IPSWICH — The accusations were startling: a North Shore firm that produces educational databases used in schools throughout the United States was purportedly seeding its product with links to hard-core pornography. 

A lawyer for the plaintiffs, a group of Colorado parents calling themselves "Pornography Is Not Education," couldn't offer any explanation as to why an internationally-known firm would intentionally do such a thing. 

But it didn't stop them from filing suit against Ipswich-based EBSCO Information Services and the Colorado Library Consortium, accusing the two entities of doing just that, and claiming damages for alleged violation of consumer protection laws and conspiracy to violate state and federal laws concerning transmitting obscene material to minors. 

The suit received national attention and brought attention to the parent group and an organization once known as "Morality in Media," now known as the "National Center on Sexual Exploitation," which produced an explicit video purporting to show proof that the materials were accessible to children.

But this week, attorneys for the parents' group dropped their lawsuit. 

In a statement, the organization blamed their action on a "technicality" and continued to maintain that the lawsuit forced EBSCO and the Colorado Library Consortium to "clean up their act." 

In court filings, however, lawyers for EBSCO and the Colorado Library Consortium argued that there were no legal grounds for the suit. 

"We asked librarians, 'Please, try to validate, try to replicate these claims,' and to date, we've not had a librarian come back to us and say 'Oh yeah, we found it,'" said Jim Duncan, director of the Colorado Library Consortium. "We end up scratching our heads and saying 'What was this all about?'" 

But it cost the consortium, which receives approximately 90 percent of its funding from taxpayers, $35,000 in legal fees to defend against the suit. 

That's enough to fund new acquisitions for a small library for seven years, or pay the salary of a library aide, said Duncan.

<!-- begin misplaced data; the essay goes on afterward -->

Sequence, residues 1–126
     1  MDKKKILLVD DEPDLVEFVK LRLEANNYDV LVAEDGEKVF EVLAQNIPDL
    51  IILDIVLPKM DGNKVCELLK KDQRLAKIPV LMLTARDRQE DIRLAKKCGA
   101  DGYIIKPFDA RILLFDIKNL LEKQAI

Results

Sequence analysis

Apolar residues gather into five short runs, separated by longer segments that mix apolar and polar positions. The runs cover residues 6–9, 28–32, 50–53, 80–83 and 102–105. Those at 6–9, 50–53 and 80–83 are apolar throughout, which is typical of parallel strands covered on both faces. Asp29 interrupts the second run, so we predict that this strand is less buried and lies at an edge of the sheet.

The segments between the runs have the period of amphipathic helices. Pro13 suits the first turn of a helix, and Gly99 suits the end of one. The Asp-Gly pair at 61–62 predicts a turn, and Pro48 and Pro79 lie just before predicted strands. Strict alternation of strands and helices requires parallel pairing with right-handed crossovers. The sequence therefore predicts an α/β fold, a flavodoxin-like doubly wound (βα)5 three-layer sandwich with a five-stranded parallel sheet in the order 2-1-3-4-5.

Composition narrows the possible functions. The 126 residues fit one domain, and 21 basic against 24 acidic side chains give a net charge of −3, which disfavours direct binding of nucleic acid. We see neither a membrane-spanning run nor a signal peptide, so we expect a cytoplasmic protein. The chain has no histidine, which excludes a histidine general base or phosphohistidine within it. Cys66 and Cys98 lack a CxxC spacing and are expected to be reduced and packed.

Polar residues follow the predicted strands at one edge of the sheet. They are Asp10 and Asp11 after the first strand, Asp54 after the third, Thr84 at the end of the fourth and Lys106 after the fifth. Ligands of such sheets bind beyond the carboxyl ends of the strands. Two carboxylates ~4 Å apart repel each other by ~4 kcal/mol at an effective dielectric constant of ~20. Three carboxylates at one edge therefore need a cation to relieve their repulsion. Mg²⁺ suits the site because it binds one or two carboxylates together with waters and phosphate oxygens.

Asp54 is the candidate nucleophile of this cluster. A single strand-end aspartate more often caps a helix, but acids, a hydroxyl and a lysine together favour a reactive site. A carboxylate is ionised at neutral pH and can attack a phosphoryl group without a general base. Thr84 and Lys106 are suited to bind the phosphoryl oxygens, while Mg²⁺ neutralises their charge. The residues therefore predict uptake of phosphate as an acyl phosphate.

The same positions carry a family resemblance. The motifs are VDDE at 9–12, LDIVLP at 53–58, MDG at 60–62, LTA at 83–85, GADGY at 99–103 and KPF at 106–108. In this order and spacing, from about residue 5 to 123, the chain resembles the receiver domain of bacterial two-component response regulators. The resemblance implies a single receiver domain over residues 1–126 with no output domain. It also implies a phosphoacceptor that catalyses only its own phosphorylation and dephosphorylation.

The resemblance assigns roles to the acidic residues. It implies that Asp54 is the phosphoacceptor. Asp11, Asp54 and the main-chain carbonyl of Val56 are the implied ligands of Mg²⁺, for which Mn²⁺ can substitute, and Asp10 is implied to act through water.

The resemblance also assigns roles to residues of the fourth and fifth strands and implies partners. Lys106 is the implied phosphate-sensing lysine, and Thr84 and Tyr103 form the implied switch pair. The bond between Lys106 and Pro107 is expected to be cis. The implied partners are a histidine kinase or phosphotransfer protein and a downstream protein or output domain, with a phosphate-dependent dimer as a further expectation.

"They got a lot of mileage from all of this," said Duncan. 

Jessica Holmes, communications director for EBSCO, said in a written statement that the firm was "pleased" to be able to say the suit has been dropped, with a provision that it cannot be re-filed. 

"This ensures the group is unable to reintroduce another lawsuit based on these claims," said Holmes. 

EBSCO is one of a handful of companies around the country that compile and sell databases to schools and libraries. 

"EBSCO does not license pornographic titles," said Holmes in a written statement. "These databases are a collection of existing content from mainstream publishers, curated by subject matter experts. Part of the role that we play for our library customers is that of a content curator to ensure and enable that each database has the best materials to support the particular audience as applicable."

EBSCO also enables individual libraries and school districts to control the content they provide and to remove titles, issues, articles, books, or specific subject-related content from EBSCO databases.

Holmes said the firm will continue to monitor their databases and keep up with ever-evolving search terms. 

Duncan said he fears that even if unsuccessful, such lawsuits can have a chilling effect. For instance, a parents group in Utah convinced officials there to shut down access to EBSCO for a month after the Colorado lawsuit. And similar efforts have been made in Indiana. 

"It was frivolous," said Duncan. "When you look at what libraries and schools do, not only Colorado but across the country, they select materials for students and patrons. They don't select pornography."

For its part, the Thomas More Society, despite dropping the suit, continues to stand by its accusations, claiming EBSCO "knowingly has imbedded (sic) pornography in databases it markets for use by unsuspecting school children in grades K-12," in a statement from Thomas Ciesielka, a spokesman for the group. 

"The parents’ voluntary dismissal has nothing to do with the merits of the lawsuit against EBSCO and the Library Consortium," he said in his statement. "They stand behind the allegations in the lawsuit entirely."

Ciesielka said the parents did not want to take the risk, however, of losing their case and then, due to what he called "peculiar and harsh" rules in Colorado, having to pay EBSCO and the consortium's legal fees.  

Courts reporter Julie Manganis can be reached at 978-338-2521, by email at jmanganis@salemnews.com or on Twitter at @SNJulieManganis.